Nabavi noted the possible conflict between Mahmoud Ahmadinejad and the head of the Expediency Council, Hashemi Rafsanjani, but said both should reject "inflexible positions" and show an example of "political maturity" in reaching resolutions.

0900 GMT: Uranium Watch. Peyke Iran, drawing from Asr-e Iran, claims that Moscow is unsure about Tehran's proposal for a joint consortium to produce fuel for the Bushehr nuclear plant.

0850 GMT: Political Prisoner Watch. Dr. Shiravi, Professor of Mechanical Engineering and former Dean of Shahid Chamran University in Dezfoul, has been arrested.

0615 GMT: Political Prisoner Watch. Muhammad Sahimi, writing in Tehran Bureau, has a lengthy profile of Shiva Nazar Ahari, the activist detained since July 2009 and facing death on the charge of "mohareb" (war against God).

0610 GMT: Economy Watch. Street Journalist, relaying an item we saw in Peyke Iran, quotes Ali Deghan Kia, a member of the Higher Islamic Council Association Board, who says there has been a 40% increase in unemployment in manufacturing and "more than 90 percent of productive units transferred to the private sector are at risk of bankruptcy”.

Deghan Kia blamed "uncontrollable importation and smuggling of Chinese goods [as] the number one cause for unemployment....Every billion dollars of smuggled good entering the country is responsible for unemployment of 25,000 workers in Iran.”

0600 GMT: Academic Corner. Science follows up on the firing of Professor Yousef Sobouti, the astrophysicist and founder-director of the Institute for Advanced Studies in Basic Sciences who was Chancellor of Zanjan University. It claims that Sobouti's replacement, Rasoul Khodabakhsh, is a "nuclear scientist known to have links with the pro-government Basij militia".

Science that the Government has also replaced the leaders of at least 17 other academic and scientific institutions over the past month, including the chancellors of Sharif University of Technology in Tehran, the University of Golestan in north Iran, and Arak University.

0545 GMT: We open Saturday with a music special, as Kanye West and Jay-Z put out a rap against war with Iran.

Meanwhile, the Swiss energy group EGL spins another message, saying that 18 billion Euro ($23 billion) gas contract with the National Iranian Gas Export Company is not affected by American sanctions: “We are not violating any regulations, and follow rules; we feel we are not really deserving to come on the sanctions list.”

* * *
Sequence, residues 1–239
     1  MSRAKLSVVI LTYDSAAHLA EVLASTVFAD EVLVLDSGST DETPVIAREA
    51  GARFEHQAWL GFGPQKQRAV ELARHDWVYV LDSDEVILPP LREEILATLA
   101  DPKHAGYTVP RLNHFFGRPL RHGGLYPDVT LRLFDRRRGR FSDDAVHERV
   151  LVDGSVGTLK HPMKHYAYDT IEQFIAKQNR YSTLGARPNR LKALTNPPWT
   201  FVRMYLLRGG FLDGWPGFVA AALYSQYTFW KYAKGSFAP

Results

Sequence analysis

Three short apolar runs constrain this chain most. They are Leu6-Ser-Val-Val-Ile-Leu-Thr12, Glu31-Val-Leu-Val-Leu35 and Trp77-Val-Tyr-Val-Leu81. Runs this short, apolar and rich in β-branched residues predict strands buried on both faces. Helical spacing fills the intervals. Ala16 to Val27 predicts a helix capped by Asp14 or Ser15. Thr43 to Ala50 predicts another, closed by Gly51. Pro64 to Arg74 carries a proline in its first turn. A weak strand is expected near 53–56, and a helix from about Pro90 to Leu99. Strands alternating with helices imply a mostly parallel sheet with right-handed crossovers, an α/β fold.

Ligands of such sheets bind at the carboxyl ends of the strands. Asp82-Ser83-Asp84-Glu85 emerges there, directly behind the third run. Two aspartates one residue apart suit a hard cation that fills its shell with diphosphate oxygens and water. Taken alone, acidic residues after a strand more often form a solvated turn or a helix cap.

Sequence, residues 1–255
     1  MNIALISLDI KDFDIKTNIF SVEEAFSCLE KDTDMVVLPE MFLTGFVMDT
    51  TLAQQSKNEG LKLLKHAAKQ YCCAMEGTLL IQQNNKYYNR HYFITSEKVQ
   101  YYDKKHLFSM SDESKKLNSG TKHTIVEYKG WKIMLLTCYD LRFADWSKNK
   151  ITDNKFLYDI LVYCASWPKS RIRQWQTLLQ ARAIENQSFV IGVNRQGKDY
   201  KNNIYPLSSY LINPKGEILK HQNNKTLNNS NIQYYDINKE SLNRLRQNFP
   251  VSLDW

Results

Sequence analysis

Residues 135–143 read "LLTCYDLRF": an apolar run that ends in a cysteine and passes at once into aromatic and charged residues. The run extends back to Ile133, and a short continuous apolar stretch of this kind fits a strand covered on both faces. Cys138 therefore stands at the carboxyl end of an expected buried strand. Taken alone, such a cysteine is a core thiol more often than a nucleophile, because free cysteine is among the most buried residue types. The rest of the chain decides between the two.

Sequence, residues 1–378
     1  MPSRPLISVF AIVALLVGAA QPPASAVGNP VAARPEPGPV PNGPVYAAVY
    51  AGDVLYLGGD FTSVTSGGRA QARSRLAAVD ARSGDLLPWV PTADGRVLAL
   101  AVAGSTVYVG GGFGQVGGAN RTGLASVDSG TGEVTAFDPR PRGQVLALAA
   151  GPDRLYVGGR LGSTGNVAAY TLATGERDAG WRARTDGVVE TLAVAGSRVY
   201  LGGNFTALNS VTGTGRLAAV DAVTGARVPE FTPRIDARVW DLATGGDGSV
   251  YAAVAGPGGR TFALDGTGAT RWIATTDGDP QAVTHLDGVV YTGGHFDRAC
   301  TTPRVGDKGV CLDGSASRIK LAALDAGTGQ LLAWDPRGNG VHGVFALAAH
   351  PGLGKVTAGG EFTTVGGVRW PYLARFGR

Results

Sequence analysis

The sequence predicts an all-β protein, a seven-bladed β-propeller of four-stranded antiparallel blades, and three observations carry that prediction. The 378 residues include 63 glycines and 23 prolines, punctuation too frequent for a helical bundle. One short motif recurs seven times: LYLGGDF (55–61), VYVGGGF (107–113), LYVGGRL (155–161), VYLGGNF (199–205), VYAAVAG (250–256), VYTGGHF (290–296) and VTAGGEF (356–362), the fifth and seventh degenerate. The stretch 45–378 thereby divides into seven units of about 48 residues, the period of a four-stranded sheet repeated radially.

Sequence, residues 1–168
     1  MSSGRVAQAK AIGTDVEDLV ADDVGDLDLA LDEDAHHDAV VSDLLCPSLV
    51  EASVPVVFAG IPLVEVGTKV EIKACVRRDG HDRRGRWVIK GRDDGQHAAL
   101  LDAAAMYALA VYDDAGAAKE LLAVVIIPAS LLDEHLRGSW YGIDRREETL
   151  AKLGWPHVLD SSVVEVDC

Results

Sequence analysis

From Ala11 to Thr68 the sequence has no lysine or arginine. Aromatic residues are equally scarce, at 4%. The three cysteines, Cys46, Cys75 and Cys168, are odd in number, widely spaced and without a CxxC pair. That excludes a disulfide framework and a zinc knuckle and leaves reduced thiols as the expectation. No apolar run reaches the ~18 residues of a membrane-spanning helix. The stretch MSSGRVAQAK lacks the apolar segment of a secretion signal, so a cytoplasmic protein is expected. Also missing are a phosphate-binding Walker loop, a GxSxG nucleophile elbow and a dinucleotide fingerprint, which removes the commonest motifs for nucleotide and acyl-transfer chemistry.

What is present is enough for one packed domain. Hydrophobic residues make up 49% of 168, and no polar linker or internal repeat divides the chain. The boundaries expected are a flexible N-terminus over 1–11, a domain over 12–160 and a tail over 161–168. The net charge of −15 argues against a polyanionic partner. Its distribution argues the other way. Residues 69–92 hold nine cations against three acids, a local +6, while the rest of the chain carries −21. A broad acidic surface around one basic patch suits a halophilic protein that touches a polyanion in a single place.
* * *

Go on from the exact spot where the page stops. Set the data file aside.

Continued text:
“Using of the revenues by Iran from the EGL deal to finance terrorism and its allies Hamas and Hizbullah. That is speculation. We do not pay money for supporting terrorism. I cannot really comment on such a speculation,” spokeswoman Lilly Frei said.

Last week EGL put out a somewhat different rationale: “As we noted in the past when this deal was first announced, oil and gas deals with Iran send the wrong message when Iran continues to defy UN Security Council resolutions. We have raised our concerns with the Swiss government about this arrangement on multiple occasions."

However, Frei is now saying, “We have a contract with the company, not with Ahmadinejad." Asked about other connections, Frei said EGL did “not know if the Iranian Revolutionary Guard Corps is affiliated with National Iranian Gas Export Company".

The Latest from Iran (25 August): Unity? 

2000 GMT: Today's All-is-Well Update. Minister of Oil Massoud Mirkazemi reassures everyone that sanctions are irrelevant, "We do not have any problem in securing the country's gasoline and we have not been facing any fuel deficiency. Domestic gasoline production will be increased by 20 million liters (a day) soon and, because of this, we announce that we won't need to import gasoline."

1950 GMT: Political Prisoner Watch. The reformist Islamic Iran Participation Front has issued a statement condemning the treatment of its senior member Mostafa Tajzadeh, who was summoned back to prison 10 days ago, and journalist/filmmaker Mohammad Nourizad, who returned to jail last week.

NEW Iran Propaganda Special: US Soldiers, Bitter Chocolate, & the Prophet Muhammad
Iran: Is President’s Chief of Staff Rahim-Mashai Taking On Foreign Policy?